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How To Become A Sales Manager

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Tamara is a seasoned copywriter with a unique blend of legal expertise and business acumen, and a passion for writing.

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How To Become A Sales Manager

How To Become A Sales Manager

Whether you’re a student looking to get into sales, a sales representative aiming high, or even a worker in a completely different industry, anyone who has the skills needed to manage a sales team can become a sales manager if they are willing to put in the work.

Focusing on experience you have that has prepared you for the demands of managing a sales team is the right place to start to expedite the process of securing a job as a sales manager. But what are the other steps you should take to put yourself on the right path to getting picked for a managerial role in sales? 

To help you understand if a career in sales management is right for you, and to learn what you need to do to achieve your goal of becoming a sales manager, we’ve prepared a handy guide to help you.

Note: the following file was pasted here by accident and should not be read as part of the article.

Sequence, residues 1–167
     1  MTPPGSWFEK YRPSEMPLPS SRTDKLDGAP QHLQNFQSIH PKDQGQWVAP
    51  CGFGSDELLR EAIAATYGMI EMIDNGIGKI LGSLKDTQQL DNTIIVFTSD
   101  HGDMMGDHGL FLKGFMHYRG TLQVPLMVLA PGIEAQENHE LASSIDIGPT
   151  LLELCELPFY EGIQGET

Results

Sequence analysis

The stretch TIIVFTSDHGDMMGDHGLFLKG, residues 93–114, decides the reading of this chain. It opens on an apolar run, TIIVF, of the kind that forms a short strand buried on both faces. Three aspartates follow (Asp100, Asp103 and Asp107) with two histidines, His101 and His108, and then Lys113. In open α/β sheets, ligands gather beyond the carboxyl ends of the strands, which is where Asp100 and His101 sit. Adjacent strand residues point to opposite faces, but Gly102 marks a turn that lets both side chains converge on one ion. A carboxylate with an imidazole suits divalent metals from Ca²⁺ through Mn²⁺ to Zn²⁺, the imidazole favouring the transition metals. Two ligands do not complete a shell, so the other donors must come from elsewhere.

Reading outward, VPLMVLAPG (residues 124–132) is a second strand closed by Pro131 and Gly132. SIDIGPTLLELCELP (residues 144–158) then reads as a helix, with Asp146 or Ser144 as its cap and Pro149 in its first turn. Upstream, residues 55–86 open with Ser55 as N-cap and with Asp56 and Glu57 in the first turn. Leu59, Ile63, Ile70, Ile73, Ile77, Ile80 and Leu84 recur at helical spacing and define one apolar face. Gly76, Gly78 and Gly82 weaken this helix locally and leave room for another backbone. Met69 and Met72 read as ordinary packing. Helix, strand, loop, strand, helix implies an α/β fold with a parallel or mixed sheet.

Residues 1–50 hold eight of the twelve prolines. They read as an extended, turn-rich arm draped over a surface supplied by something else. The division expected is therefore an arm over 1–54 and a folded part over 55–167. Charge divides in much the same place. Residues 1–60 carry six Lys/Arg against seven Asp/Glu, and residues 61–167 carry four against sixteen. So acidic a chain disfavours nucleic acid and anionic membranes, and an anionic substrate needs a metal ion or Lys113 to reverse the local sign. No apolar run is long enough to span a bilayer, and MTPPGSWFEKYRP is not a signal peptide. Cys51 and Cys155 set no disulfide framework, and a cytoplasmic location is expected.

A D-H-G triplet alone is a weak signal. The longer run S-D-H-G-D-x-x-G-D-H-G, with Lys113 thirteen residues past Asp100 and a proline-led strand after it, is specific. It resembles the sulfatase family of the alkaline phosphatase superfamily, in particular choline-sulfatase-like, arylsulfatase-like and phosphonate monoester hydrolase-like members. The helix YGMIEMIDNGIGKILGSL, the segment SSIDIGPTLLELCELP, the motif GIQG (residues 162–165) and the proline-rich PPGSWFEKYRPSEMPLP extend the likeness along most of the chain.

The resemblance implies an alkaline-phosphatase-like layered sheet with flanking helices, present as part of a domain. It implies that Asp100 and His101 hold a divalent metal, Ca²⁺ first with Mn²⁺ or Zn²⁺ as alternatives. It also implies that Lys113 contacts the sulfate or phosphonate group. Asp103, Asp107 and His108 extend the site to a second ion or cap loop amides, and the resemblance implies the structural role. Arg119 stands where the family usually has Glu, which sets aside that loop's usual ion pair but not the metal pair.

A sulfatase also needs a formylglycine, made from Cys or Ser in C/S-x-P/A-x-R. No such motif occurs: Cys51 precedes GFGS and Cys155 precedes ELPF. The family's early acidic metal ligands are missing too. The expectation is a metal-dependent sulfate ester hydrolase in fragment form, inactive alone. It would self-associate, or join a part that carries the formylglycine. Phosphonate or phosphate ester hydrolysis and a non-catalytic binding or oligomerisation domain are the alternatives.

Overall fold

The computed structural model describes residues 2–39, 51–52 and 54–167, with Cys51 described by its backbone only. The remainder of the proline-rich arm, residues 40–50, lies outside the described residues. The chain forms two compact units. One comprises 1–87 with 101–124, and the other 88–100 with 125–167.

Key Takeaways

  • Sales managers are responsible for building and guiding sales teams to generate sales and bring in revenue for their companies.

  • If you’re hoping to become a sales manager, you’ll need a wide range of professional, interpersonal, and personal skills.

  • To determine what sort of skills you’ll need as a sales manager, it’s best to set a concrete career goal while focusing on a particular industry, and then scour job listings on relevant websites.

  • If you’re working in a sales position, some tips to help you become manager-worthy include gaining relevant experience, networking with sales managers, consulting with HR regarding sales management opportunities in your current company, and utilizing feedback as appropriate.